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Hundreds Gather in Gainesville for Vigil Honoring George Floyd, Tony McDade and Jamee Johnson

Residents of Gainesville, Florida, held a vigil Tuesday night in memory of George Floyd, Tony McDade and Jamee Johnson. The vigil comes on the heels of a series of protests that have erupted across the country after George Floyd, a black man in Minneapolis, Minnesota, was killed in police custody after allegedly using a counterfeit $20 bill.

The vigil, which was largely circulated on social media, began at 7:30 p.m. at the University of Florida’s campus and attracted hundreds of people.

The Goddsville Dream Defenders, a local chapter of the national organization The Dream Defenders, organized the vigil. Calls for the abolition of prisons, police and the court system were made over megaphones as volunteers passed out candles and flowers to the crowd.

A woman holds a rose at the vigil Tuesday night.
A woman holds a rose at the vigil Tuesday night.

Some attendees brought more than flowers or candles. Catherine Jean, a medic and organizer with Guerilla Medics, was equipped with hand-sanitizer and other first-aid related equipment.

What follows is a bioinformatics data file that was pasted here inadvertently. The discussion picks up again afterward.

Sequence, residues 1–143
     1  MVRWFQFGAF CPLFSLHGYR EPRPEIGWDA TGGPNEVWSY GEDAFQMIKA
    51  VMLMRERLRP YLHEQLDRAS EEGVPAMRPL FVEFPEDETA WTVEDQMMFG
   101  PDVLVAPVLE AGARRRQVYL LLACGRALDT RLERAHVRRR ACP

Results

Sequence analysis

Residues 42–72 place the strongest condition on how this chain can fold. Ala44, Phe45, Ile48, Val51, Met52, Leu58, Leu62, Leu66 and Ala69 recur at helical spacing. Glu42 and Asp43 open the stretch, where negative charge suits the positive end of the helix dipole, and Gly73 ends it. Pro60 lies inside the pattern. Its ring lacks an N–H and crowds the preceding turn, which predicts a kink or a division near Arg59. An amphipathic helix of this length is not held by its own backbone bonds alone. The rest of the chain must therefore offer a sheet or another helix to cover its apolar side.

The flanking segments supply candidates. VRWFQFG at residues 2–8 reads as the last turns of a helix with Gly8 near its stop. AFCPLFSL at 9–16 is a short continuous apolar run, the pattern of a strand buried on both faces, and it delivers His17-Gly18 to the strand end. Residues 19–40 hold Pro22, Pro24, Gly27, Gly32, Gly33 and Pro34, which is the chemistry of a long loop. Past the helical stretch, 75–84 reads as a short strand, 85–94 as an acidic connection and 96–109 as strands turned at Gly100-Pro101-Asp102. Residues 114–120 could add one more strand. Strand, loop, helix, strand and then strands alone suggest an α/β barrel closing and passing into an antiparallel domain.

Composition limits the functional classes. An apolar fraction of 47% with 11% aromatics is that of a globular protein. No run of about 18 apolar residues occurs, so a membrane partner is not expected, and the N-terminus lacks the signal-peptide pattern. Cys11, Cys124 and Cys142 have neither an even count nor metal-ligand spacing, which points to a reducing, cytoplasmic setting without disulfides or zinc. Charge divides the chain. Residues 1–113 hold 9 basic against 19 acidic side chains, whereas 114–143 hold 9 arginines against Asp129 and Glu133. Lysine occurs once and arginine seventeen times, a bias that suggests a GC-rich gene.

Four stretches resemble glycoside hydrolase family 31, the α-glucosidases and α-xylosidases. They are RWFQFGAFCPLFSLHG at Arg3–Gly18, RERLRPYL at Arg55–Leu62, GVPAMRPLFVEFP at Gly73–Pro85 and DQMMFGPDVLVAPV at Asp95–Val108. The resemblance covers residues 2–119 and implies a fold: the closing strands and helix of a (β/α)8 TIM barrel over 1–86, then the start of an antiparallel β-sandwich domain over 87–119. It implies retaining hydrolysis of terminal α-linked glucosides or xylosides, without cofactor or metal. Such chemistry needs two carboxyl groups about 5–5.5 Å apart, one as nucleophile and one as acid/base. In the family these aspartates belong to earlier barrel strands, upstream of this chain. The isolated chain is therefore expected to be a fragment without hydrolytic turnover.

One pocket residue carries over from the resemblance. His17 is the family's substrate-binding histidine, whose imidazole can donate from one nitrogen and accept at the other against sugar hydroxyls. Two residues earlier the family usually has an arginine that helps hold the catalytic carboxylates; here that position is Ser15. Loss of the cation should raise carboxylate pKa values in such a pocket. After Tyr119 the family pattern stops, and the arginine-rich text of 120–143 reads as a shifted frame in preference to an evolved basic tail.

Other attendees showed their support through handmade signs condemning acts of police brutality.

An attendee of the vigil holds a homemade sign.

Brianna Johnson, a student at the University of Florida and sister of the late Jamee Johnson, spoke about what the vigil represented to her.

“It means so much to me to see students at the university coming together to honor my brother,” Johnson said. “I don’t understand how a seatbelt violation ended with the execution of my brother. I ask that JSO release the unedited version of the bodycam footage.”

Jamee was a business student at Florida Agricultural and Mechanical University, commonly referred to as FAMU. After being pulled over by Jacksonville Police on December 19, 2019, for a seatbelt violation, Johnson was shot four times by Jacksonville Police Officer Josue Garriga.

The death is under investigation by the Jacksonville Sheriff’s Office, and the family has asked the Florida Department of Law Enforcement to open an investigation as well.

Jamee Johnson is not the first to die at the hands of Officer Garriga. In March 2015, Garriga, a then-detective in Putnam County, was one of multiple officers who fired at 48-year-old Andrew Williams during a drug stop. Williams was later pronounced dead by the Putnam County Sheriff’s Office.

As of June 5, 2020, there are no updates, and Officer Josue Garriga has not been arrested or charged with any crimes.

Featured photo by Jasmin Du Bois. Caption: Hundreds gather outside Heavener Hall to honor Floyd, McDade, and Johnson.

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